I think my concept of a 'code note' - originally coined as shorthand for storing TB action code in $Text - has been unintentionally misread as being a deliberate affordance for writing shell scripts. Far from it. The idea of a code note for shell use is:
  • no messing around in a note's $Rule input box (or a stamp) to set up a complex CL.
  • the $Text can be passed direct to runCommand (elsewhere) as a single complete argument string. In some cases the $Text may want to be evaluated first (though again we're now getting in to complex, edge case areas).
IOW, it makes it a lot easier for the non-coder to set up a CL correctly. Because runCommand($Text(Some note)) receives the contents of the $Text of "Some note", we don't need to quote-enclose it in the source $Text. This is important if your CL needs to use both single and double quotes within the CL itself leaving none free for TB string enclosures. This thus routes around a current limitation of TB not being able to escape either quote type within its action/export codes (in this context runCommand() calls are action code).

For more byzantine tasks, I'd recommend using an external shell script and using runCommand to pass it parameters (or a CL via a code note if quote constrained! - but do it explicitly in a shell script. In developing your shell script, I'd suggest starting by echoing back your input parameters to ensure the script is getting the data you expect. If it is the issue becomes one of writing a suitable shell script. If not fix the export string before progressing the script.

I'd accept, the UI-less shell is scary for us Unix neophytes to whom Terminal is somewhat inscrutable. And there's the rub. Just because simple CLs are easily entered into runCommand() it doesn't mean whole scripts can be run by such a method.

As discussed in my post in your AppleScript example, perhaps the issue isn't making complex shell access so much as looking to see if a less fragile option doesn't exist. Many of the shortcut apps are cheap/free. Also don't overlook Automator to create OS services to add some extra custom functionality.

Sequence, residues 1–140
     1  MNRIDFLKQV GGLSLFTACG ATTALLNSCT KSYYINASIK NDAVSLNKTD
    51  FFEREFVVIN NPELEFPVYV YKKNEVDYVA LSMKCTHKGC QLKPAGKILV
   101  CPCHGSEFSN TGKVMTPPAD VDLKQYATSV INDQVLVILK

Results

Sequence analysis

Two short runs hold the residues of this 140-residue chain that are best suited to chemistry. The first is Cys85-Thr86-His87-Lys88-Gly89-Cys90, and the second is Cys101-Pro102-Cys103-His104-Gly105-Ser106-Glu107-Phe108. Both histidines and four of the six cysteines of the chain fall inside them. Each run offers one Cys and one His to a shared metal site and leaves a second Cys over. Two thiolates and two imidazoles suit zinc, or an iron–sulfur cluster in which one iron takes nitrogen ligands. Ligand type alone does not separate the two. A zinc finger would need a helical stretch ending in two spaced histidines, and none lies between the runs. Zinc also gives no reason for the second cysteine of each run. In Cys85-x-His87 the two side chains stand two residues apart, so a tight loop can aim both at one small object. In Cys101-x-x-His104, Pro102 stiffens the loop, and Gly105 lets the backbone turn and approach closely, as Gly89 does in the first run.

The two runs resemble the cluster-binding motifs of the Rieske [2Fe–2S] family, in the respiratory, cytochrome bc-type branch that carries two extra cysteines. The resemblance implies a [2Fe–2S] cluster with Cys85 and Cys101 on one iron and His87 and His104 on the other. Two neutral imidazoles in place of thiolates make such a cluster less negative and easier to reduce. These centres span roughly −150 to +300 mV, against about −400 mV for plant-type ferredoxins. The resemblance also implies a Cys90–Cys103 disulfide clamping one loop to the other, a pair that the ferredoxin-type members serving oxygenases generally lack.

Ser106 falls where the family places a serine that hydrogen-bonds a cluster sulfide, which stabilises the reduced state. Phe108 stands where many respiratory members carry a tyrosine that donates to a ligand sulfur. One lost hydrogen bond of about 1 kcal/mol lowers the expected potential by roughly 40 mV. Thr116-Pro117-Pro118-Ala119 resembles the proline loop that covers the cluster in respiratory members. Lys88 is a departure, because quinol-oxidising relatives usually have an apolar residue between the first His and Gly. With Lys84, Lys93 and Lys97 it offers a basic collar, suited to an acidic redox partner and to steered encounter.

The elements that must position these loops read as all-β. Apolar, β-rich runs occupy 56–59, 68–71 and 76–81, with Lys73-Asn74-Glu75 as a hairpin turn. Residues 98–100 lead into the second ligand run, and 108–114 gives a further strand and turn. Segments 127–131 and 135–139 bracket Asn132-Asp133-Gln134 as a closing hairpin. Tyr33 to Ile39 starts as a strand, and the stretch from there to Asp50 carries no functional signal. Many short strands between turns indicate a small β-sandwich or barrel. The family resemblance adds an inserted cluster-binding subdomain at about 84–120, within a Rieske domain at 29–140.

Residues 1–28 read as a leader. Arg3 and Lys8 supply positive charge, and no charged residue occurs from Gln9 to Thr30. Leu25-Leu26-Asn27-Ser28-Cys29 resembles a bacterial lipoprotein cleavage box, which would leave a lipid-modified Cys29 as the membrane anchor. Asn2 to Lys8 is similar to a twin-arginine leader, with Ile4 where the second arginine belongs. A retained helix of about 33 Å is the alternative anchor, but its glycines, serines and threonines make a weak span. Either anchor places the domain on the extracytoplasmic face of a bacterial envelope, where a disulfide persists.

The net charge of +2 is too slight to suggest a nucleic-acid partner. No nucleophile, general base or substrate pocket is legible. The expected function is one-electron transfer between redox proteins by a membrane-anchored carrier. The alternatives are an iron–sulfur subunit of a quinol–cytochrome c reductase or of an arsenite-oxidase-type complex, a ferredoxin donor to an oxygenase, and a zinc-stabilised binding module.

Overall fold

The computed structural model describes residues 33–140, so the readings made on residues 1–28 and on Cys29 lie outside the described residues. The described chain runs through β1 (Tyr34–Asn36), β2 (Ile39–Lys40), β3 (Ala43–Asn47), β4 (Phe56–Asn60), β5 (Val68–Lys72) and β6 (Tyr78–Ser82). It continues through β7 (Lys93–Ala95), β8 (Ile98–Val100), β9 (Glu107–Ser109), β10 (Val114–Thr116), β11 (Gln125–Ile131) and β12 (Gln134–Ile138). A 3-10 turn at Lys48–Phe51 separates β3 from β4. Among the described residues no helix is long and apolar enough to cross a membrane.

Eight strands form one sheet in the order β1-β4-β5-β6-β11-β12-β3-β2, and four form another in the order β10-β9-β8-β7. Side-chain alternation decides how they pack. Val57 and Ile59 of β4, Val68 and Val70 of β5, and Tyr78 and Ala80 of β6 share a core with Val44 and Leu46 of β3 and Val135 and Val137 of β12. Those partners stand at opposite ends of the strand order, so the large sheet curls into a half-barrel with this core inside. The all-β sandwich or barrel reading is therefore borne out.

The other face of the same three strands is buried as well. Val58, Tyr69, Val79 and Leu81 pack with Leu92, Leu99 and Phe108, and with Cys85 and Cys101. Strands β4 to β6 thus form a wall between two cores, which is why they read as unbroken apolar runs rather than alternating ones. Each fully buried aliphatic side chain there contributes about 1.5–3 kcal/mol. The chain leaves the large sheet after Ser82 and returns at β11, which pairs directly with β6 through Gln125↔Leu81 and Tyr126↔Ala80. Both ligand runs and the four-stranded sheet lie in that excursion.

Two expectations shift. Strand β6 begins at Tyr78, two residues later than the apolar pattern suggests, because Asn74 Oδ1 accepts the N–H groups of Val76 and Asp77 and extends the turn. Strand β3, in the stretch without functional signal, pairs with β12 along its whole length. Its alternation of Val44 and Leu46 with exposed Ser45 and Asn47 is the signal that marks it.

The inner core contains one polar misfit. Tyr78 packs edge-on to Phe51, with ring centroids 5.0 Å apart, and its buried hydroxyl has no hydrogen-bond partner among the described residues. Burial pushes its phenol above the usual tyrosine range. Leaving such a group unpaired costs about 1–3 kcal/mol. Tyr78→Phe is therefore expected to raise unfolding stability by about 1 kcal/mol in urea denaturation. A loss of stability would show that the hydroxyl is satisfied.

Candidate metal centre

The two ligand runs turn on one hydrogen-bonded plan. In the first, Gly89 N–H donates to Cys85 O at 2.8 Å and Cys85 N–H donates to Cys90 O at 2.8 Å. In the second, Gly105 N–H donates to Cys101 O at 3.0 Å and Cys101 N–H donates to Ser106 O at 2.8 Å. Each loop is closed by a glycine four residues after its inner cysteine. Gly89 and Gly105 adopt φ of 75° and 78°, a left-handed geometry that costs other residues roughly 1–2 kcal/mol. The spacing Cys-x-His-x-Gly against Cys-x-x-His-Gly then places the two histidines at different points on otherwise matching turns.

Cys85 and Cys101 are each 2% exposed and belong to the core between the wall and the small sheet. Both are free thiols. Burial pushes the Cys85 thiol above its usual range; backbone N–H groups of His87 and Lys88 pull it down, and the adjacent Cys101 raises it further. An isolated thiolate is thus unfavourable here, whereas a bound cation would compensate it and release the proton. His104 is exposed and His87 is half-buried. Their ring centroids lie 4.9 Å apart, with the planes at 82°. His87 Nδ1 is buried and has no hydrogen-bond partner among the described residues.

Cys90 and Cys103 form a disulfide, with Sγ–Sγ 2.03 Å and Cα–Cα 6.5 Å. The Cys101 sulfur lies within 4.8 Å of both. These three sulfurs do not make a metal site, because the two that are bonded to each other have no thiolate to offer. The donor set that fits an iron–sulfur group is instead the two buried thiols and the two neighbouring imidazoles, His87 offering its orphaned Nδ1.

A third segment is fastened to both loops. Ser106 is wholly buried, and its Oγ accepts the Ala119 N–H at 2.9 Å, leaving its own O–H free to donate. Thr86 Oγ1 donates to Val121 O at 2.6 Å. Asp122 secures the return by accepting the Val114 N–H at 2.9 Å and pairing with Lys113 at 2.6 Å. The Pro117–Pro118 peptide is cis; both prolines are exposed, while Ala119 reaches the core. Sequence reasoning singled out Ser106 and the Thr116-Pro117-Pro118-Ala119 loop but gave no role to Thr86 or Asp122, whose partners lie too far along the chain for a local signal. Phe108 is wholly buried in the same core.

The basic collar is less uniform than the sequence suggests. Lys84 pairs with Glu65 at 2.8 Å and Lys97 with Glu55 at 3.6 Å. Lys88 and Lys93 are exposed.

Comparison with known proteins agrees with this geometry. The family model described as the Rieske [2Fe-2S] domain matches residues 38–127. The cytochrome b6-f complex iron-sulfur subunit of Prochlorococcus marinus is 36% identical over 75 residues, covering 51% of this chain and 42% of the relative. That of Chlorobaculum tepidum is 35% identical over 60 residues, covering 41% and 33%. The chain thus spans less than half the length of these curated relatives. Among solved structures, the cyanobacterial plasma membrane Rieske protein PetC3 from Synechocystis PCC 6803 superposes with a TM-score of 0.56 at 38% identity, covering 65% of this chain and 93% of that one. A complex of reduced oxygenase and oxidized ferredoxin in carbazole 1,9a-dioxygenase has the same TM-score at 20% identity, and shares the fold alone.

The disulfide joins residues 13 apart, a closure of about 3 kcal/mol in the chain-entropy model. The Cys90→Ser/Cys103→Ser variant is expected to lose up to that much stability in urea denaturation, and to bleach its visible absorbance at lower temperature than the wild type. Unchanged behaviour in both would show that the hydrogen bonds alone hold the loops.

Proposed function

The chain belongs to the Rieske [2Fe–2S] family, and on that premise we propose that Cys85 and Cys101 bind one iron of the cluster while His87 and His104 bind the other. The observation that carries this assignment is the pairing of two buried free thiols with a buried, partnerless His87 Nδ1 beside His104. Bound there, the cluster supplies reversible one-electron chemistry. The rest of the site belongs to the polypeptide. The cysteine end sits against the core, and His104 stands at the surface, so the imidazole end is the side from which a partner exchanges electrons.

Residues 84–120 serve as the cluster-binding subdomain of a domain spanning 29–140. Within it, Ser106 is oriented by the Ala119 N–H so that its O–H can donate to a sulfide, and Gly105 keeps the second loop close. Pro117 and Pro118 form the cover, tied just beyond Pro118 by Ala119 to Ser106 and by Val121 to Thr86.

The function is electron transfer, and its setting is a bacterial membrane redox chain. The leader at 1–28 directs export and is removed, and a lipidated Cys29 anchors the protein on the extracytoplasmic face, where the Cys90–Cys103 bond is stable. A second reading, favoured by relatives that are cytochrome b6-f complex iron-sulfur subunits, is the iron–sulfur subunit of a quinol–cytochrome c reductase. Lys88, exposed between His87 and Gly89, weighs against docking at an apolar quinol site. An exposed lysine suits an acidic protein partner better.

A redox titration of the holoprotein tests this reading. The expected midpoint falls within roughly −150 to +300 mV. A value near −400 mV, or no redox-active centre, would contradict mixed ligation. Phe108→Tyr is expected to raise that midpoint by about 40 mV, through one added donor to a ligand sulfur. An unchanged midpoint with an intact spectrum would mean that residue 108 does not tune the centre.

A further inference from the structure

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Sumner Gerard
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Re: Interacting with the Mac shell
Reply #3 - Oct 17th, 2012, 5:11pm
 
Thanks for the helpful pointers! I pick up valuable little things about quotation and such.

I do understand the code notes were originally intended for Tinderbox action code, not shell scripts. I haven't naturally gravitated to shell scripts anyway. To me a "shell" has been mainly what "she sells by the seashore" and the command line has loomed large in my mind as a window to a mysterious Unix universe best left to experts and masochists.Smiley

Code notes do seem to be a great place to store short scripts like your quotify sed (I think that qualifies as a "shell script", right?).

While I haven't used code notes for shell scripts (except your quotify and the other one that strips surrounding quotes) I have found code notes to be a handy place to store AppleScripts run by one-line shell scripts within runCommand().  Storing the (succinct by the standards of that language) AppleScripts there means I don't have to worry about path and all that, which can get cumbersome.

Now why on earth would I want to do something so seemingly convoluted as run an AppleScript via a one-line shell script in runCommand()?  Well, to pass values back and forth from/to Tinderbox attributes, of course, just as with any other script run through runCommand().

I haven't yet presented my (to me immediately useful and I suspect useful to some other users too) working examples of how I do that. The encounter with the shell is mercifully brief (as I say one-line) and I suspect not a strain on TB's offered shell access.  Almost all the work is done in AppleScript, which as you know has its defects but does allow the general user like me to interact with other Mac apps in useful ways, and, unlike TB action and export code, offers a friendly debugging environment and numerous examples on the net.

The "Save Name As" example to which you refer is something else entirely. I wonder how that one could "push offered shell access hard." The only thing within runCommand() is a supremely simple one-line script that does nothing but return the contents of the clipboard as Unicode text. That's it.  And all the accompanying (short) AppleScript does is place selected text on the clipboard and then tell the Mac interface to click the Tinderbox menu item that contains the stamp with the simple runCommand().  It's been confusing why that simple sequence has been portrayed as so confusing. Smiley